'W.'


One can watch Oliver Stone's 'W.' and think that Stone is trying to tell a Greek tragedy. Much here sounds like Oedipus, but the story works from a different point of reference.

This movie plays like a story from the Old Testament, with family issues getting worked out in politics and God seemingly there watching everything transpire. It's a story in which the blessing of the father is longed for, but not received. And the son tries to win the blessings, even by going to war to defend the father's honor.

 

George W. Bush (Josh Brolin) is an Esau-like character—an eldest son who wants to please his father, but Jeb Bush (Jason Ritter) is the favored son, like Jacob. George H. W. Bush (James Cromwell) is like Isaac.

 

"W." is a fascinating movie. It may not be good history, but it tells a good story. We see George W. Bush as a servant of God, but his service is marred by his motivation for the blessing of his father. And we see an illustration of "fathers have eaten sour grapes and set their children's teeth on edge." When W. is to be inaugurated as governor of Texas, his father gives him a pair of cuff links. They were from his father, Prescott. In the note to W., he is told this is the only thing of value his father ever gave him. That longing for the blessing from father still resided in even W.'s father. This makes the point that it is hard to give something you have not received. 

 

The movie shows W. as a hell raiser—the frat boy that never grew up. He drinks, can't hold a job and chases after women. His father asks if he thinks he is a Kennedy. Poppy (what Bush Sr. is called) tells him, "You're a Bush. Act like it." 

 

W.'s life turns around because of two things: He marries Laura (Elizabeth Banks) and he finds God. In a scene in the church, W. tells his pastor that he feels a weight on him. The pastor (Stacy Keach) prays with him and asks God to shine light down upon W.  Here things begin to change. 

 

W. runs for governor of Texas. His parents raise objections. Barbara (Ellen Burstyn) makes it plain that they cannot help W. while Jeb is running for governor of Florida. W. tells them he doesn't want their help and will run in spite of their objections. This is when Karl Rove (Toby Jones) enters the picture and becomes the other side of Bush's brain. Bush charms the Joe Six Packs and Rove pulls the strings to get him elected.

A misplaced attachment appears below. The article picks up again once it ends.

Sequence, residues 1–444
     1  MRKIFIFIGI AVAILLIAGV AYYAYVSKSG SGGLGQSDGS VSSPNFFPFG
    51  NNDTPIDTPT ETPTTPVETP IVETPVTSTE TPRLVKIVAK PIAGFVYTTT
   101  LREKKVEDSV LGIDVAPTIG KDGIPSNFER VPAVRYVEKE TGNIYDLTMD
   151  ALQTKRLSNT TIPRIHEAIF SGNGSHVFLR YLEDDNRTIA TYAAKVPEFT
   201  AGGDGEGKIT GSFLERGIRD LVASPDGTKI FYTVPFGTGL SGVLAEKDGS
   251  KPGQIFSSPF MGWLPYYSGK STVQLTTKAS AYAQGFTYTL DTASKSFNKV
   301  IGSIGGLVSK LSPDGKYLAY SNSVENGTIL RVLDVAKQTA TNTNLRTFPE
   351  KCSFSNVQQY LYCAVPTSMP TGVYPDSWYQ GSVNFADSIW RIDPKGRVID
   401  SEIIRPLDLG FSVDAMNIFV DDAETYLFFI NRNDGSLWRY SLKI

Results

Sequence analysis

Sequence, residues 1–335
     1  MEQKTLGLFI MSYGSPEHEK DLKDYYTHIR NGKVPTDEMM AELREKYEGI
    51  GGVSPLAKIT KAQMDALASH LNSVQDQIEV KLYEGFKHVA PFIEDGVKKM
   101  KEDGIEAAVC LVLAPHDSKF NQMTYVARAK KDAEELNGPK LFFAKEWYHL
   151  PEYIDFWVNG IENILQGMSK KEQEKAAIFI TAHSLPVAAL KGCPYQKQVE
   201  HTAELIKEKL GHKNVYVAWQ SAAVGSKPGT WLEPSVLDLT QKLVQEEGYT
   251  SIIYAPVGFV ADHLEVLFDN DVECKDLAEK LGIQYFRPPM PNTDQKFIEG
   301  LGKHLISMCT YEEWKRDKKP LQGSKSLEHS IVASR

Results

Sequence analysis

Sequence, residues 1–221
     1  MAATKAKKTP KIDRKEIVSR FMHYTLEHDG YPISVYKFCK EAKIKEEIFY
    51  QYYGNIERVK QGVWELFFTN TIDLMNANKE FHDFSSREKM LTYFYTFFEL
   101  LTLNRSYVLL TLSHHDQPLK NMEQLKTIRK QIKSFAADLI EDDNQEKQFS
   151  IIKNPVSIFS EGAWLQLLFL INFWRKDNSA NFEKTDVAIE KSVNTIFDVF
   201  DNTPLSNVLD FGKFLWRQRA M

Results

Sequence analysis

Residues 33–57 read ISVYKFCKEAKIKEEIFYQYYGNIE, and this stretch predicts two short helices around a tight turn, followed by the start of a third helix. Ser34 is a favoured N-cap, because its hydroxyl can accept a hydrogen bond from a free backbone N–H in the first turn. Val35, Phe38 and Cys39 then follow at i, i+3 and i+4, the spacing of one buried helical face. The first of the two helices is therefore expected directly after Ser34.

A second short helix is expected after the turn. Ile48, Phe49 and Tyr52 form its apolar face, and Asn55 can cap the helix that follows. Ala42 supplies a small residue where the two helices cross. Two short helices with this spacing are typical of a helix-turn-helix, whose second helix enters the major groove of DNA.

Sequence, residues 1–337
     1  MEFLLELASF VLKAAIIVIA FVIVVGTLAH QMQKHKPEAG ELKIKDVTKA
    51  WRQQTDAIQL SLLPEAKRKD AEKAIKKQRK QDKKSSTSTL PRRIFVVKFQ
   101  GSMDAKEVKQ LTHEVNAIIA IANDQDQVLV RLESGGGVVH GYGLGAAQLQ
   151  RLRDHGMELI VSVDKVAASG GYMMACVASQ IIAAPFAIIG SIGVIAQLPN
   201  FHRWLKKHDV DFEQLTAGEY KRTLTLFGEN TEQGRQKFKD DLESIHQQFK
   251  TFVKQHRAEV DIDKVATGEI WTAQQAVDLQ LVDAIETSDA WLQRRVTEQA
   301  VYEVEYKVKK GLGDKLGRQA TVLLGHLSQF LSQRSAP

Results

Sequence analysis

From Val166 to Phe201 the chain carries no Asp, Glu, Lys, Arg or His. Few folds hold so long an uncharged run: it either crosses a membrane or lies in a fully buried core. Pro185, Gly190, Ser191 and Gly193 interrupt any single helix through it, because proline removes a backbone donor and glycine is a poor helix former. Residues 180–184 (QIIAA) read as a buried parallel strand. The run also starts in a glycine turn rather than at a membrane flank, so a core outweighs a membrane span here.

While governor, W. calls in his pastor and he tells him that God has given him a vision to be the president. He says God told him that he would be president at a time when America would need him. The pastor again prays for Bush to follow the light.

 

This forces the blessing of the Bush family upon W. It was supposed to be Jeb's, but W.'s fortunes rise quicker. As they do, we see the pain it places on Poppy. He has to watch as the one he chose gets passed over in the blessing. And it is clear he does not see his son as being worthy—of the blessing or the office.

 

But W. does take office, and in the run up to the Iraq War, Poppy is pained again by W.'s choices. When the war goes badly, an interviewer asks Poppy of his thoughts and we see the crux of the problem. He speaks of W. as "the boy." 

 

It's hard for me to call this a "good movie." There is such tragedy in it that to call it good would be bad. It is simply interesting. We see this uncouth person (in almost every scene, W. is talking with his mouth full of food) rise to the seat of power. And from that seat he launches a war that gets people killed. Oliver Stone projects that this is done for the sake of a son trying to win the approval of a distant father, who seems able to communicate only through note cards. 

 

"W." is also a treatise on how dangerous it can be to get the will of God mixed up with other things, even our own issues. George W. Bush, here, clearly wants to follow God's will, but his own issues cloud the vision. And Stone does something important here: He doesn't make fun of this, but presents it as tragic—the working out of family on a political stage. 

 

I walked away from the film with great sympathy for the onscreen W. 

 

Mike Parnell is pastor of Beth Car Baptist Church in Halifax, Va.

 

MPAA Rating: PG-13 for language including sexual references, some alcohol abuse, smoking and brief disturbing war images.

 

Director: Oliver Stone

 

Writer: Stanley Weiser

 

Cast: George W. Bush: Josh Brolin; Laura Bush: Elizabeth Banks; George H. W. Bush: James Cromwell; Barbara Bush: Ellen Burstyn; Karl Rove: Toby Jones; Dick Cheney: Richard Dreyfuss; Donald Rumsfeld: Scott Glenn; Earle Hudd: Stacey Keach.

 

The movie's official Web site is here.

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Tags: Mike Parnell, Movie Reviews, W